Kamarck, Edward (ed.) / Arts in society: confrontation between art and technology
Rogers, Ivor A.
Notes and discussion: [extrapolative cinema], pp. -291 PDF (6.1 MB)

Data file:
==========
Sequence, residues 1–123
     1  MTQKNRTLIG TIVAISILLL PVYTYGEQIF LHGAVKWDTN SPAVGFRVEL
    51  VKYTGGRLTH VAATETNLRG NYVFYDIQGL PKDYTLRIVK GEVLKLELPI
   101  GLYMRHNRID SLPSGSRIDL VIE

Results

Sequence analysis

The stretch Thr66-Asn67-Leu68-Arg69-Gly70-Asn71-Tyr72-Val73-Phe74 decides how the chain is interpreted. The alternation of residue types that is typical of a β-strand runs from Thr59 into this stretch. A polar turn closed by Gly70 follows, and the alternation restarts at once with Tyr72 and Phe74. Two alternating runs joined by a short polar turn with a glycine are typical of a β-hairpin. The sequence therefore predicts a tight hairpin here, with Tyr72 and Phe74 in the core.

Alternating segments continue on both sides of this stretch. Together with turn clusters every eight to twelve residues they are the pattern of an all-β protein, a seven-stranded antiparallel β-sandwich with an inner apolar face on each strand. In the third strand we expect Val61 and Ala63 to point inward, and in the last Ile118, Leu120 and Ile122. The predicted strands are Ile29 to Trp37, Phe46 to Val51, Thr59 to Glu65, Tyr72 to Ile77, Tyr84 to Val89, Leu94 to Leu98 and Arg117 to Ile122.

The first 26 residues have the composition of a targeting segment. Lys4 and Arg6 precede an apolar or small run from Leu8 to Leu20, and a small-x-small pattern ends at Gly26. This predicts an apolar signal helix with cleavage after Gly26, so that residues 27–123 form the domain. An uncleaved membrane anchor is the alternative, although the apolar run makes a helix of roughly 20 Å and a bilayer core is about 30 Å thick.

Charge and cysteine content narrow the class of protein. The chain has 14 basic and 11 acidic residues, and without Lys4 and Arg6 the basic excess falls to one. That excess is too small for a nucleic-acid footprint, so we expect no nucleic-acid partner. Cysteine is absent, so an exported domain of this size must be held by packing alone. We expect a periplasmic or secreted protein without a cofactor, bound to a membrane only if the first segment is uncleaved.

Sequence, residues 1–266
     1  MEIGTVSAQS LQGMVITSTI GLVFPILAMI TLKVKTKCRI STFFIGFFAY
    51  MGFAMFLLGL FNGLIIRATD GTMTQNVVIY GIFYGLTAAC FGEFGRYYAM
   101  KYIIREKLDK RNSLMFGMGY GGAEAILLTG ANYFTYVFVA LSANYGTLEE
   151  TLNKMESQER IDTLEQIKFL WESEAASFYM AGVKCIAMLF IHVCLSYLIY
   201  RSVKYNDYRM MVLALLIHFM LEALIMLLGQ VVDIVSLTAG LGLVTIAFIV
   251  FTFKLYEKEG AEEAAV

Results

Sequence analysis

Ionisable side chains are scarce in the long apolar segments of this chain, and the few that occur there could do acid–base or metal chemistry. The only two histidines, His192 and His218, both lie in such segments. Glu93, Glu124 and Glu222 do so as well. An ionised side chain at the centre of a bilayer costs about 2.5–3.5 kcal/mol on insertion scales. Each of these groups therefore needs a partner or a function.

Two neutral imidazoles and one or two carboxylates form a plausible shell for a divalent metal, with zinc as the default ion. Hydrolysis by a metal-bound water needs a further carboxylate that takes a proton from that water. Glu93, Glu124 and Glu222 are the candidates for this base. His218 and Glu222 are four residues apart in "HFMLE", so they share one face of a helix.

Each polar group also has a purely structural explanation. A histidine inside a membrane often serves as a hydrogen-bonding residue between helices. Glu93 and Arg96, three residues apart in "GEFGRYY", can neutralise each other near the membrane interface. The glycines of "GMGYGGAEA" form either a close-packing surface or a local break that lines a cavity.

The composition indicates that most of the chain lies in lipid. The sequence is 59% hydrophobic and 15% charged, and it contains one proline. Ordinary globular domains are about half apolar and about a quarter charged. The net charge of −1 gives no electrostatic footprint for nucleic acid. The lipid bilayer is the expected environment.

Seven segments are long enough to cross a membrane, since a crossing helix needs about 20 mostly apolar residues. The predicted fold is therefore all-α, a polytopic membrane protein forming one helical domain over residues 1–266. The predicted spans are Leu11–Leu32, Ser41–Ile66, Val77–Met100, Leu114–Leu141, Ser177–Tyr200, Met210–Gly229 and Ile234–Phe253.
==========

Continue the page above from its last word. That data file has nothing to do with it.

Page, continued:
The film is not an unqualified success: at times it moves with the ponderous tread of a brontosaurus, certain portions of the first episode may be most charitably described as unfortunate, and the internal logic of the film is not always what one would expect of either Clarke or Kubrick. As always, there is the cry that, "You should have seen it before it was cut by the commercializers," and there may be a certain justification in the claim this time, but all errors and flaws included, it is still the most successfully ambitious film since the introdution of sound. What Kubrick has apparently attempted is to utilize the trappings of science and technology as a framework for his comment upon the nature of man. The basic premise - that pre-man was helped in his development from the ape to man the tool maker by some "alien" race or entity, and, now that he has almost reached the peak of his powers as homo faber, is about to be given a further boost into what can best be called homo superior - was originally conceived by Kubrick's collaborator, Arthur C. Clarke. Film critics not familiar with the writing of Clarke should be as wary as those SF critics who are not familiar with the films of Kubrick. The indications are that this was a true collaboration and that each man provided an artistic stimulus for the other - a true blending of art and science-technology. The final version of the film goes far beyond the bald statement of plot that would have been very satisfying to the reader of printed SF and totally bewildering to the average film goer, because the film attempts to make a comment on the plot: it says simply that the construction of bigger and better tools is not the sole purpose of human existence. The film is not anti-scientific, it is anti-technological; the berserk computer is not a stab at science, but a reminder that tools are not gods. The film is not about man and God; it is about man and his friends in the universe. God and his strictures are not mentioned in the film, but one is left with an optimistic wish-fantasy that there is hope and reason in the universe and an admonition that the machine can be a useful companion but should not be deified. Sir Charles Snow commented on the division of the world of intelligence into two cultures that are unable to communicate or aid each other in their struggle to comprehend the universe. Science fiction has been conceived as a bridge between these two cultures, and it is deplorable that in practice the SF film has been responsible for the erection of more walls than bridges. Partly it is the fault of the commercial film makers who find it more rewarding to build another rubber monster than to use their imaginations; partly it is the fault of the audiences who will pay money to see another abomination from outer space; partly it is the fault of those film critics who apparently can only see artistic quality in sin, sex, and sadism; and partly it may be the fault of our materialistic society that considers imagination and the imaginative as fit only for children. 291 - M ; 0